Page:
8. Paris Marathon
Paris has never struggled to attract visitors in the springtime. It’s just that in the past, not many of them came to run the city’s marathon. With a reputation for organisational incompetence and indifferent support, the Paris Marathon has traditionally failed to catch the imagination of the running public. Things have definitely changed. The organisation has improved noticeably and it has the budget to draw a decent elite field – runners now flock to the race in their thousands. Support is still limited, but Paris now has a race worthy of its standing as one of the world’s great cities.The course: Most European marathons promise a sightseeing tour on foot and then route you through large stretches of industrial wasteland. Paris delivers, squeezing just about everything the city has to offer into this 42km loop of the city. It’s not a fast course but there’s plenty to see.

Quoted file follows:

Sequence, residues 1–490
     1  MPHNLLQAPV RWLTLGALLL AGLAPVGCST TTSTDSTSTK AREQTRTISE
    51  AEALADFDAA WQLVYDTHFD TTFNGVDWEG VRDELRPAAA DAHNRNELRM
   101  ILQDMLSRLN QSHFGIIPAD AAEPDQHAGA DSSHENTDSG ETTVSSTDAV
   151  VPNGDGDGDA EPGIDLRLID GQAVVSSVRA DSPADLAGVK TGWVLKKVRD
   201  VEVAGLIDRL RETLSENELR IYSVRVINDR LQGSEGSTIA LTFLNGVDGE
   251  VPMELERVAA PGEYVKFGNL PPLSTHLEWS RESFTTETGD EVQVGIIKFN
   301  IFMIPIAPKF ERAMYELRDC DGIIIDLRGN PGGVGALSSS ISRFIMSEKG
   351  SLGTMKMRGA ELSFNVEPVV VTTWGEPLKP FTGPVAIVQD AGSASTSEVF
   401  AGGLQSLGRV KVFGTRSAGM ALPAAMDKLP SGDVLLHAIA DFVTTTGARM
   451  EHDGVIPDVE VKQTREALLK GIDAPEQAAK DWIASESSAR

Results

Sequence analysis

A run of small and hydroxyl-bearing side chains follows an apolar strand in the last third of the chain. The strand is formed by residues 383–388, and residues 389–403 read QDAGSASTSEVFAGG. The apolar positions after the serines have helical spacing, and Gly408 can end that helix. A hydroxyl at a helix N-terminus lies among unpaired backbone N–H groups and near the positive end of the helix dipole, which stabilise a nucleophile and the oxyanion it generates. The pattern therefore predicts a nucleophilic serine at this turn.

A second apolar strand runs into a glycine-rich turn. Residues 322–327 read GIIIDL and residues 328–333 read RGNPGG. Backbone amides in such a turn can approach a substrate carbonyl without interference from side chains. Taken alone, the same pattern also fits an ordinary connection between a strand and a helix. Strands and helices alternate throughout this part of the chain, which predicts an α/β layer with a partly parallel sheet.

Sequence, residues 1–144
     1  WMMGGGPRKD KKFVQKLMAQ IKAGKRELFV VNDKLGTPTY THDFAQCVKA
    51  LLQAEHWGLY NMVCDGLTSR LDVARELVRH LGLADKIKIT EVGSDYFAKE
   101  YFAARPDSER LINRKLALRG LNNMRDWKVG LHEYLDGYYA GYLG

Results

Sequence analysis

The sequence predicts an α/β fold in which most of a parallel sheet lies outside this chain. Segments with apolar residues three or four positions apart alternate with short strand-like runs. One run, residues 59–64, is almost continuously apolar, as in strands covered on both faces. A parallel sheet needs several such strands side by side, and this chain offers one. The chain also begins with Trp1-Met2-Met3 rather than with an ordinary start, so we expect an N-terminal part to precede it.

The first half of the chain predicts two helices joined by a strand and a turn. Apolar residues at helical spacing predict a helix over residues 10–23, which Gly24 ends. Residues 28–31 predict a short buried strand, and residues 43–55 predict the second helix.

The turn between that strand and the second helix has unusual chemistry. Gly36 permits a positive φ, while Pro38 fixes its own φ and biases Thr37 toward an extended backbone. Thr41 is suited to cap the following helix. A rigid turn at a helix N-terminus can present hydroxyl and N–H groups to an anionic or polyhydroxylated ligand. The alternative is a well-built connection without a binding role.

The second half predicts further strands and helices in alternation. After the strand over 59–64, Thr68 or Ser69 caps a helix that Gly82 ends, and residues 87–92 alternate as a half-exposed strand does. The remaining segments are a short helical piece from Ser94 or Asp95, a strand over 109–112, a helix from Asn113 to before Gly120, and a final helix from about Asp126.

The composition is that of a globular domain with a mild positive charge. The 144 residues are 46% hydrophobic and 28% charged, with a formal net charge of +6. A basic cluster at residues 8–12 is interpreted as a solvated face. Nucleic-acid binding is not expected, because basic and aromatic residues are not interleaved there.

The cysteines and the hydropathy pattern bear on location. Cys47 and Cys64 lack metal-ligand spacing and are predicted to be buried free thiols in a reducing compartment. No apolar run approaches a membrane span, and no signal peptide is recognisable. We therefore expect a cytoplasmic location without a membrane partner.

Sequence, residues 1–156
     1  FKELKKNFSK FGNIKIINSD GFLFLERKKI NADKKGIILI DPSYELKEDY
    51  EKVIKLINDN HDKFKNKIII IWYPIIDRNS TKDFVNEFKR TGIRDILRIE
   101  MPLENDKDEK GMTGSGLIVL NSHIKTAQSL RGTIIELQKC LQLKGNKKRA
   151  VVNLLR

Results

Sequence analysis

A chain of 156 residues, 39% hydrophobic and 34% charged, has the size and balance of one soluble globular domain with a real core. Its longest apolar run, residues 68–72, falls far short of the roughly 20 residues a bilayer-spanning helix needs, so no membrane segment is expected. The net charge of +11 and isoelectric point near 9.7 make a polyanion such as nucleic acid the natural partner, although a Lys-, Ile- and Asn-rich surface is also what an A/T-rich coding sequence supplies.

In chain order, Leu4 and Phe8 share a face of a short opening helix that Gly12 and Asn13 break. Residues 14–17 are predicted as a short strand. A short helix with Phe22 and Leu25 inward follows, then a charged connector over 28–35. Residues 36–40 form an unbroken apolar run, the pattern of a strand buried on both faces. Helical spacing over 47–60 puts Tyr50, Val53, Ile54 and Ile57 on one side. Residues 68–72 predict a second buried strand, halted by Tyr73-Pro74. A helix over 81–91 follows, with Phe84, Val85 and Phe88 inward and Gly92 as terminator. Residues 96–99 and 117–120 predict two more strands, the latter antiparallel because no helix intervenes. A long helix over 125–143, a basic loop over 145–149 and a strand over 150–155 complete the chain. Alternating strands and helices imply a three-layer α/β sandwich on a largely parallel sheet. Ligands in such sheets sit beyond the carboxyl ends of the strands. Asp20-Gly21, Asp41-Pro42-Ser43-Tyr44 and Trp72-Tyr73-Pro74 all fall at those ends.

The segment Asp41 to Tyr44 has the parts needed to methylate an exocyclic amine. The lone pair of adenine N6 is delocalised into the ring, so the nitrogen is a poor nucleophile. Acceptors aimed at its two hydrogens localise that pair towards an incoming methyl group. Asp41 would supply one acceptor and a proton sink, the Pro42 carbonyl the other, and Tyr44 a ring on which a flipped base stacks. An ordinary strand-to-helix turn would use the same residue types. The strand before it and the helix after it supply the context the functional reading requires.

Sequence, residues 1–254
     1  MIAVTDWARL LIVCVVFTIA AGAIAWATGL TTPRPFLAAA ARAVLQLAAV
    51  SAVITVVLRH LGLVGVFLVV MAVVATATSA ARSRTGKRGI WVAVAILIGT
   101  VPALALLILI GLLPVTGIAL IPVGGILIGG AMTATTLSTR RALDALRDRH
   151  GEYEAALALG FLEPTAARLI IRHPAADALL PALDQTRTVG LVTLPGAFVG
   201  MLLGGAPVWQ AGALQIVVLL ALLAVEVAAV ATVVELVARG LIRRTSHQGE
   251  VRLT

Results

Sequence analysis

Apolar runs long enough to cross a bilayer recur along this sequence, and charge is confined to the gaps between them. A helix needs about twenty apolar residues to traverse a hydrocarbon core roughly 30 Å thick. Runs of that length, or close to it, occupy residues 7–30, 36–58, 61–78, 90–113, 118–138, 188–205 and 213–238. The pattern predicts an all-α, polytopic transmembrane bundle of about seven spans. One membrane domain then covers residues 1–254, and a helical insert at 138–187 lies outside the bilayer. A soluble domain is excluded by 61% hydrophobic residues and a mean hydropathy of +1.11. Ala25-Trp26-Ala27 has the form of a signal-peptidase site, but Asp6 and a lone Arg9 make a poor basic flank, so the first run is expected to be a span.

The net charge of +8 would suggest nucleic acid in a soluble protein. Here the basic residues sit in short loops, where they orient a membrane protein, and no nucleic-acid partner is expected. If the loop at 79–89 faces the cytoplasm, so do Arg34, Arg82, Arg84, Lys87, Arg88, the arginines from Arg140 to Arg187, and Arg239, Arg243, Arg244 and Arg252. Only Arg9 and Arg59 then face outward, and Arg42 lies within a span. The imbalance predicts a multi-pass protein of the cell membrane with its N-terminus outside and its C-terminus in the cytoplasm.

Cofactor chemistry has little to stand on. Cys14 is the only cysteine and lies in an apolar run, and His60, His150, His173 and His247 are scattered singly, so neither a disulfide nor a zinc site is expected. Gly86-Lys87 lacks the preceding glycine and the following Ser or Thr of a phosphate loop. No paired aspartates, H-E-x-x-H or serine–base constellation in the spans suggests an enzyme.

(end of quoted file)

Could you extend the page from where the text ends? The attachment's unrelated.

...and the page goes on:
Highs: Paris in the spring.
Lows: The apathy of Parisians towards their marathon. (And the fact that you require a doctor’s certificate saying that you are fit to run.)
Watch out for: Downhill start over worn cobblestones.
Contact: Marathon International de Paris, A.S.O. Athlétisme - 2 rue Rouget de Lisle TSA 61100 92137 Issy-les-Moulineaux Cedex; e-mail firstname.lastname@example.org
UK contact: Sports Tours; 0161 7038161